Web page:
Yucca Mountain today, nuclear dump ‘forever’?

Yucca Mountain today, nuclear dump ‘forever’?

Support our journalism. Become a Patron!
John Ahni Schertow
September 9, 2008
 

The US Department of Energy’s (DOE) application for the proposed Yucca Mountain radioactive waste dumpsite in Nevada has been accepted for review by the U.S. Nuclear Regulatory Commission (NRC).

“After three decades of site studies, this action officially kicks off the Yucca Mountain repository licensing proceeding,” explains a September 8 bulletin from Beyond Nuclear. “The State of Nevada, and other dump opponents, will now have 60 days to intervene by submitting contentions to NRC citing legal or technical flaws with the proposal. Nevada is expected to submit hundreds of contentions. An NRC licensing board will decide which contentions will be granted a hearing. NRC’s licensing proceeding will last three to four years. It will then decide whether or not to approve the Yucca Mountain dump.”

Commenting on the decision, Kevin Kamps from Beyond Nuclear says: “The U.S. Nuclear Regulatory Commission (NRC) today showed its blatant bias in favor of the proposed high-level radioactive waste dump in Nevada by docketing the U.S. Department of Energy’s (DOE) license application before the pro-nuclear Bush administration leaves office. In record time, NRC rubberstamped DOE’s half-baked submission, despite its lack of a final repository design, waste transport-storage-burial canister design, and national routing plan for shipping the deadly wastes by road, rail, and waterway through 45 states.

“Despite DOE being nearly six years late in filing its still incomplete license application, NRC recently denied the State of Nevada’s humble and reasonable request for a mere six months to prepare contentions against the dump.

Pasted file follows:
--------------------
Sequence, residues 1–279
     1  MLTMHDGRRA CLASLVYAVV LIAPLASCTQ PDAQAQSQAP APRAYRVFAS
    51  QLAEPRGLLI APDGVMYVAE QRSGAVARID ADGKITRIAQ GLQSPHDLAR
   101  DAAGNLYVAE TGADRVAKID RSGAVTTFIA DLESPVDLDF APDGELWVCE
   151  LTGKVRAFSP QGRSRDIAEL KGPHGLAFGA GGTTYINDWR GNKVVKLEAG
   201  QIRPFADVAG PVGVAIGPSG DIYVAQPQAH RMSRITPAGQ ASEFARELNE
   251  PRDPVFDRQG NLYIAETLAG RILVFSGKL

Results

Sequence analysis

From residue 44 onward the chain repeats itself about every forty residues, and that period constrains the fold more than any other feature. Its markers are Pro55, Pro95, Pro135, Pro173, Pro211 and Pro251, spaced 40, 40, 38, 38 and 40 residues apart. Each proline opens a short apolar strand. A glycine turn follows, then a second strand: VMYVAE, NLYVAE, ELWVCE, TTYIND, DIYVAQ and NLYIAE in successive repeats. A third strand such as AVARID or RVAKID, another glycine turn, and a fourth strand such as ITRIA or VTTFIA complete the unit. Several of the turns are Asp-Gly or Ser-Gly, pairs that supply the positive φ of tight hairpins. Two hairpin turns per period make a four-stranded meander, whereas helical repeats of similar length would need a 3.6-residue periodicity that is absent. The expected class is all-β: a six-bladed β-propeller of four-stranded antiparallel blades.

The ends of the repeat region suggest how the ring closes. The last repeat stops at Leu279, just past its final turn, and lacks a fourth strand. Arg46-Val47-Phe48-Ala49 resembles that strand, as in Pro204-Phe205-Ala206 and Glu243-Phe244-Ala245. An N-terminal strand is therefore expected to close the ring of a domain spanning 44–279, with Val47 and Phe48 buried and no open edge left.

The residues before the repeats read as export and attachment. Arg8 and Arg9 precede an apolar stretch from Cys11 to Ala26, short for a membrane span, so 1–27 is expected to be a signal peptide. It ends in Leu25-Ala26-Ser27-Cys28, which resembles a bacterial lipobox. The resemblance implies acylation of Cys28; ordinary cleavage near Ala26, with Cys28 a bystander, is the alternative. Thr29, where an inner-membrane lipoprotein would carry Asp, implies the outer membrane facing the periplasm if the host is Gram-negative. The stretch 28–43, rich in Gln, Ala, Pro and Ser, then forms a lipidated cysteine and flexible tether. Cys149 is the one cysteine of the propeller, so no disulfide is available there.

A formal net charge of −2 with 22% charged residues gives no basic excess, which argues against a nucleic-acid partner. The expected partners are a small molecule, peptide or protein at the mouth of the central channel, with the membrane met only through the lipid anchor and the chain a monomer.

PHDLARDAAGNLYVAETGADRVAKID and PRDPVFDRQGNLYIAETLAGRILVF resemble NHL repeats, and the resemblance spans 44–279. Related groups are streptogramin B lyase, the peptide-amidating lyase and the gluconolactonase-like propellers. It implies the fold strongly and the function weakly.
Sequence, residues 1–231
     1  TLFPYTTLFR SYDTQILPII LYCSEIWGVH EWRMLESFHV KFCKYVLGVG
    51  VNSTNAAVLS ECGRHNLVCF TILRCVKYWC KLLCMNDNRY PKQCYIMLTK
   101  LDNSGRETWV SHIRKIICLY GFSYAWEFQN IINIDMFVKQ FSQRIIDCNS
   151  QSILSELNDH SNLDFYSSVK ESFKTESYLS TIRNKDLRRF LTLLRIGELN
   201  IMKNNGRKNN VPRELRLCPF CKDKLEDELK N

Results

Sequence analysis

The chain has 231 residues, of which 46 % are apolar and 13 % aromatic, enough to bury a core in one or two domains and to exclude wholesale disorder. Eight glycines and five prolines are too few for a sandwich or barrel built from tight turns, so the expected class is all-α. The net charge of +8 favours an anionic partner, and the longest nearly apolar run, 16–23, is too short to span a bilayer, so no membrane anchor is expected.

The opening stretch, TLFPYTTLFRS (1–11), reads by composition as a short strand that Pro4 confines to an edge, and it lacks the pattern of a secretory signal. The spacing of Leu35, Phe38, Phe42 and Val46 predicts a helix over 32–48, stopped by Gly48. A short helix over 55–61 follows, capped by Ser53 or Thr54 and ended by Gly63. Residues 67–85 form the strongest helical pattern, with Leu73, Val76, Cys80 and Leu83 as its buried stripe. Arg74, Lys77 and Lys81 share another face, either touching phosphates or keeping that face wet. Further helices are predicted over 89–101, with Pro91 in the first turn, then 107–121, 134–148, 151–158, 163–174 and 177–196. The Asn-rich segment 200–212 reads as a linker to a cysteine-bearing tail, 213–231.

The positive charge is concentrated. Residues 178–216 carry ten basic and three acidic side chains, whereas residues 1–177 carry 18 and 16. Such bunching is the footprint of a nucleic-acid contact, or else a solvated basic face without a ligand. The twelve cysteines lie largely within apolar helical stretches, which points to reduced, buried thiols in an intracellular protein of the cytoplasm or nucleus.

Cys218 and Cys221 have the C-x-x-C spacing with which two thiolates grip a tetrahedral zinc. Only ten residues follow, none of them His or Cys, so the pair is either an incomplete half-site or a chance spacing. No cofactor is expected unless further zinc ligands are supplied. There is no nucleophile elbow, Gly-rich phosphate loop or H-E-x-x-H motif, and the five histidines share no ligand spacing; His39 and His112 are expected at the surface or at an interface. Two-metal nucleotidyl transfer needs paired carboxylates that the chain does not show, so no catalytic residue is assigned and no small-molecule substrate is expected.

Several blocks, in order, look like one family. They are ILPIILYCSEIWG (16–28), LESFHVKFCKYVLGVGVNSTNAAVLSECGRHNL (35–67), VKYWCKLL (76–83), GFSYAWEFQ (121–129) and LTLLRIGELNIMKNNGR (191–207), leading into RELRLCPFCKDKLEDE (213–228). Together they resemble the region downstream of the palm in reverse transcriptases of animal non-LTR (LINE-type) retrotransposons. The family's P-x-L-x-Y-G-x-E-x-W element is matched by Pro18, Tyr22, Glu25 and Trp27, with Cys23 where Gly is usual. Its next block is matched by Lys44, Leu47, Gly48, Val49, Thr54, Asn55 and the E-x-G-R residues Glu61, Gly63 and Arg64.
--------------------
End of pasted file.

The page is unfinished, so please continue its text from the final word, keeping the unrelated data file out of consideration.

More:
“Why is NRC rushing into the Yucca proceeding at breakneck speed, especially when the U.S. Environmental Protection Agency (EPA) has not even finalized radiation release regulations for the dumpsite?

“Nevadans know the reason better than anyone, that politics have long trumped science at Yucca Mountain. Interestingly, Nevada’s contentions against the dump are now due right around Election Day. If elected, Barack Obama has pledged to withdraw the Yucca license application. Even John McCain, who has consistently voted in favor of the Yucca dump, has indicated that burying radioactive waste in Nevada may not be the best idea after all. Politics singled out Nevada in the first place, kept the Yucca Mountain Project alive for two decades despite glaring scientific unsuitability, and ironically may now kill the dump in the end.”

Don’t forget the Shoshone

A glaring issue not mentioned by Kevin Kamps, which is altogether ignored by the NRC, EPA, DOE, and both presidential candidates — is that Yucca Mountain falls within the 60 million acres of territory that the US government acknowledged when it signed the 1863 Treaty of Ruby Valley with the Western Shoshone.

Signed “in peace and friendship,” the treaty formed a relationship similar to the Six Nations Two Row Wampum, which affirmed the Indigenous Nation as culturally and politically distinct from the Nation State.